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Tahera Ahrary v. Susan Curda

October 2, 2012

TAHERA AHRARY,
PLAINTIFF,
v.
SUSAN CURDA, OFFICER IN CHARGE, SACRAMENTO OFFICE, U.S. CITIZENSHIP AND IMMIGRATION SERVICES; ALEJANDRO N. MAYORKAS, DIRECTOR, BUREAU OF CITIZENSHIP AND IMMIGRATION SERVICES, U.S. DEPT. OF HOMELAND SECURITY; JANET NAPOLITANO, U.S. SECRETARY OF HOMELAND SECURITY; ERIC H. HOLDER, JR., U.S. ATTORNEY GENERAL; ROBERT S. MUELLER, III, DIRECTOR OF THE FEDERAL BUREAU OF INVESTIGATION,
DEFENDANTS.



The opinion of the court was delivered by: Garland E. Burrell, Jr. Senior United States District Judge

ORDER GRANTING PLAINTIFF'S MOTION FOR SUMMARY JUDGMENT

Plaintiff moves for summary judgment on her claim for mandamus relief, in which she seeks an order compelling Defendants to adjudicate "either . . . of her two (2) pending [I-485] Applications to Adjust Permanent Resident Status." Plaintiff argues her motion should be granted because "Defendants have unreasonably delayed the adjudication of [her] [A]pplication[s] . . . ." (Pl.'s Mot. for Summ. J. ("Pl.'s Mot.") 1:11-13.) Defendants oppose Plaintiff's motion as follows: "Defendants respectfully rest upon the arguments set forth in their March 20, 2012 Motion for Summary Judgment, arguing that the delay associated with adjudication of [Plaintiff's] Form I-485 Application for Adjustment of Status . . . is not unreasonable." (Defs.' Resp. to Pl.'s Mot. ("Defs.' Resp.") 1:25-27.)*fn1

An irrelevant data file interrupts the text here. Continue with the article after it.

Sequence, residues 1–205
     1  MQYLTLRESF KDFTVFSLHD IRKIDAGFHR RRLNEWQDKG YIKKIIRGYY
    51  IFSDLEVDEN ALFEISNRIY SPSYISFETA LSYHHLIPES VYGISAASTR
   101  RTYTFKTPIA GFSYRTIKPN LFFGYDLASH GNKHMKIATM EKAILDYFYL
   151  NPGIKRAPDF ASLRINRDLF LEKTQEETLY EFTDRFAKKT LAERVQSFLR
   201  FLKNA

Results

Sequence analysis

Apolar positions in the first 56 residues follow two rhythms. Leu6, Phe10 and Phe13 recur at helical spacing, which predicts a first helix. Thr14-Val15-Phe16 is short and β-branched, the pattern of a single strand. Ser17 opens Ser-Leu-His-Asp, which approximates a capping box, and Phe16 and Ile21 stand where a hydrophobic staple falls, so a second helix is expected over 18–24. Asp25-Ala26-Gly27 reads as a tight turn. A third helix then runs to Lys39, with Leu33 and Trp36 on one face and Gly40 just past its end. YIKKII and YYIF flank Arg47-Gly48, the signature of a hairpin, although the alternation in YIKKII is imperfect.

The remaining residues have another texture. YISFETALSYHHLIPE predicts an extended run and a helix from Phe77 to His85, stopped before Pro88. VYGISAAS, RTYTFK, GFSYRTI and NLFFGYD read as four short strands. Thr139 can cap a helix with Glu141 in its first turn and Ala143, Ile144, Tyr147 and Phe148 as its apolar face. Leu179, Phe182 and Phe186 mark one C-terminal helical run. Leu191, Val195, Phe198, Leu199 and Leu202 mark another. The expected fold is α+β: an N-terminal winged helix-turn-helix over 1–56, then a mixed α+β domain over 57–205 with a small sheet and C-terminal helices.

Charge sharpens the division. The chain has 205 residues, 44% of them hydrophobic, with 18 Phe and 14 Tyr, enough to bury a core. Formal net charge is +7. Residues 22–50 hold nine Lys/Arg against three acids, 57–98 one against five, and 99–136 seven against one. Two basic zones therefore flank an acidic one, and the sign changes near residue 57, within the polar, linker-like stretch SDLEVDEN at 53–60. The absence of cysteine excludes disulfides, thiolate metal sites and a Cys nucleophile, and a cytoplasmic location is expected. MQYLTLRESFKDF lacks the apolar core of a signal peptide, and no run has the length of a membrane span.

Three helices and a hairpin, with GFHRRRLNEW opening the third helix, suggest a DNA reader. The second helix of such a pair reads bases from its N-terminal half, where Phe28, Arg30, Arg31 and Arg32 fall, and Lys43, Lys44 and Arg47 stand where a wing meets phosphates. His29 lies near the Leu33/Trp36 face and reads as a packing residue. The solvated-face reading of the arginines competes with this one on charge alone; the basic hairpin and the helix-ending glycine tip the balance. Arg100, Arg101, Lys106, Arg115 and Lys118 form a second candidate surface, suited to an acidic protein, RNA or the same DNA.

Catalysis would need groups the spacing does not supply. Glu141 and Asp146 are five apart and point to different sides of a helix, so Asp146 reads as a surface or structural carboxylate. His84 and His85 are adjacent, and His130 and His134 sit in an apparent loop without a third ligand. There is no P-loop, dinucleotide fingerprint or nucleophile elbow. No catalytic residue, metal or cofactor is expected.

I. LEGAL STANDARD

A party seeking summary judgment bears the initial burden of demonstrating the absence of a genuine issue of material fact for trial. Celotex Corp. v. Catrett, 477 U.S. 317, 323 (1986). "A fact is 'material' when, under the governing substantive law, it could affect the outcome of the case." Thrifty Oil Co. v. Bank of Am. Nat. Trust & Sav. Ass'n, 322 F.3d 1039, 1046 (9th Cir. 2003) (quoting Anderson v. Liberty Lobby, Inc., 477 U.S. 242, 248 (1986)). An issue of material fact is "genuine" when "the evidence is such that a reasonable jury could return a verdict for the nonmoving party." Id.

"'Where, as here, the moving party bears the burden of proof at trial, [Plaintiff] must come forward with evidence which would entitle [her] to a directed verdict if the evidence went uncontroverted at trial.'" Houghton v. South, 965 F.2d 1535, 1536 (9th Cir. 1992) (emphasis in original) (quoting Int'l Shortstop, Inc. v. Rally's, Inc., 939 F.2d 1257, 1264-65 (5th Cir. 1991)). If [Plaintiff] satisfies [her] initial burden, "[Defendants] must set forth, by affidavit or as otherwise provided in [Federal] Rule [of Civil Procedure] 56, specific facts showing that there is a genuine issue for trial." T.W. Elec. Serv., Inc. v. Pac. Elec. Contractors Ass'n, 809 F.2d 626, 630 (9th Cir. 1987) (citation and internal quotation marks omitted).